Tuesday, April 26, 2011

Children's Miracle Network Hospitals Champions

Champions is a Children's Miracle Network Hospitals program that brings attention to the important work being done at its 170 children’s hospitals. It does this by honoring 51 remarkable kids who have faced severe medical challenges, and helping them tell their stories.

The Champions program designates a child in every state who has bravely battled a serious injury or illness. The Champions represent the nearly 17 million children treated at Children’s Miracle Network Hospitals every year. The 2011 Champions have dealt with a wide variety of injuries and illnesses including genetic diseases, organ transplants and traumas, as well as various types of cancer.

The Champions travel for a week in October, first to Washington, D.C., where they traditionally meet with their state senators on Capitol Hill, and the President of the United States during a visit to the White House. They then take a private chartered flight, provided by Delta Air Lines, to Orlando, Fla. There, champions meet Children’s Miracle Network Hospitals sponsors, hospital representatives and media partners who all convene to celebrate a year of medical miracles during the Children’s Miracle Network Hospitals Celebration event at Walt Disney World Resort.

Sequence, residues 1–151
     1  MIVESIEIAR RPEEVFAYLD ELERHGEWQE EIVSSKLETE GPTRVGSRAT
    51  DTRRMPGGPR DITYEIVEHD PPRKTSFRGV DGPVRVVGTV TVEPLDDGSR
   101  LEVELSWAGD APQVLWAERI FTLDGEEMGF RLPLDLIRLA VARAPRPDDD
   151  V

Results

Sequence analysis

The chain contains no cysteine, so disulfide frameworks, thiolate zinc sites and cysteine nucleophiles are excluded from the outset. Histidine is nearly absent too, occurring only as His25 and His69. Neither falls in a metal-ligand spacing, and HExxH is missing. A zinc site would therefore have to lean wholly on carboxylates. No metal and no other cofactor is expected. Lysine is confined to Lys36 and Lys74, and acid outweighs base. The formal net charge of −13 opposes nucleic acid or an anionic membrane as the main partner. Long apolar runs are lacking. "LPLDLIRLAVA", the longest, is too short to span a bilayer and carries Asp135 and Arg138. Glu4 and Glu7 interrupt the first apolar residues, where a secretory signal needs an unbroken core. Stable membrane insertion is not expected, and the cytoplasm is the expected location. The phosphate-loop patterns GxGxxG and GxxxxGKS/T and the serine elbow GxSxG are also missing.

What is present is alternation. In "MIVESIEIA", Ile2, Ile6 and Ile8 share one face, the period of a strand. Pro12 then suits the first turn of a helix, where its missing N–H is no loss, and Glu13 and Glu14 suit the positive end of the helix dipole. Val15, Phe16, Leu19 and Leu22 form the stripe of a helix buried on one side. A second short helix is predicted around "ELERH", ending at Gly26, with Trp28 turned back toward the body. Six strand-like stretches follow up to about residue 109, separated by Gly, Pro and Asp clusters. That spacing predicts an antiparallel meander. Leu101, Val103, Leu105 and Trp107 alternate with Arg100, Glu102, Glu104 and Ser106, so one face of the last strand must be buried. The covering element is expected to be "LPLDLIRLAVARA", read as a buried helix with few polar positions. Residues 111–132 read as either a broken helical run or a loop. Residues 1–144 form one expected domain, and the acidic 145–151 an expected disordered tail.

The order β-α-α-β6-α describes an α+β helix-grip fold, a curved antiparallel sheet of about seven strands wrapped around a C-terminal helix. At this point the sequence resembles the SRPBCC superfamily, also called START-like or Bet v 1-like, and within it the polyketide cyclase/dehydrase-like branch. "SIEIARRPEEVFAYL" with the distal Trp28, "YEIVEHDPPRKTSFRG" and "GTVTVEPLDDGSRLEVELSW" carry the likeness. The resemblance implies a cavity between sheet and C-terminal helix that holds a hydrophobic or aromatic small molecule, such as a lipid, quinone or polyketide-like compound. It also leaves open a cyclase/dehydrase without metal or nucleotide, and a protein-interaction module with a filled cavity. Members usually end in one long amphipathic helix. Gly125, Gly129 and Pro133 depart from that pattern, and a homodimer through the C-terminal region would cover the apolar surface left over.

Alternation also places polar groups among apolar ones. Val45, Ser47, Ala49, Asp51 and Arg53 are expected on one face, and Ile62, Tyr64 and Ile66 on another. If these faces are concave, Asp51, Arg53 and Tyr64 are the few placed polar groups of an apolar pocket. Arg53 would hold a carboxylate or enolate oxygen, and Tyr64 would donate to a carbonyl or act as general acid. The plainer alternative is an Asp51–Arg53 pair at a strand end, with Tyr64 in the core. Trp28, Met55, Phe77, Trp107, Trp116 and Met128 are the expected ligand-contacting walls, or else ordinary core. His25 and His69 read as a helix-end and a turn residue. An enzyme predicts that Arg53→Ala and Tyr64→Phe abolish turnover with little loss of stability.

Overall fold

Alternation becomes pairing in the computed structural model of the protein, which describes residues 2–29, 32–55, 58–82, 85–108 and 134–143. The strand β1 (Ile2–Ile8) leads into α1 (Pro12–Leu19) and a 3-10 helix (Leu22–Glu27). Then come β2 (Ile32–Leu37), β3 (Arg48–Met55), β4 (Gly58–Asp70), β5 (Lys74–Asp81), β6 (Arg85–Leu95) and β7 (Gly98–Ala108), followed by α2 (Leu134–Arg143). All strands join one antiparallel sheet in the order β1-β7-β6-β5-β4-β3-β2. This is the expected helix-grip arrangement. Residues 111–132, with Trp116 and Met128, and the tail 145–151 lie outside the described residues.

Wednesday, April 20, 2011

Wyatt's Story

Wyatt Smith
Age 15

West Virginia
West Virginia University Children’s Hospital

Cystic Fibrosis

Shortly after Wyatt was born, his mother knew something wasn’t right. He weighed very little and no matter how much he ate, Wyatt struggled to gain weight.
At just 6 weeks old, Wyatt was diagnosed with cystic fibrosis, an inherited chronic disease that causes lung infections and impaired digestion. This requires him to be on a feeding tube every night, take medications every morning, and use a vibration vest throughout the day to help shake loose the secretions that occur in his lungs.
Although cystic fibrosis will be a life-long battle, research has dramatically increased the life span for many patients. Wyatt regularly visits West Virginia University Children’s Hospital to ensure he remains healthy.
Today, 15-year-old Wyatt enjoys high school and loves hanging out with friends. He’s a typical teenager who loves to play video games, update his Facebook page and has a passion for football, even though cystic fibrosis prevents him from playing it. Wyatt wants everyone to know that people with cystic fibrosis can still live normally, and he’s a testament to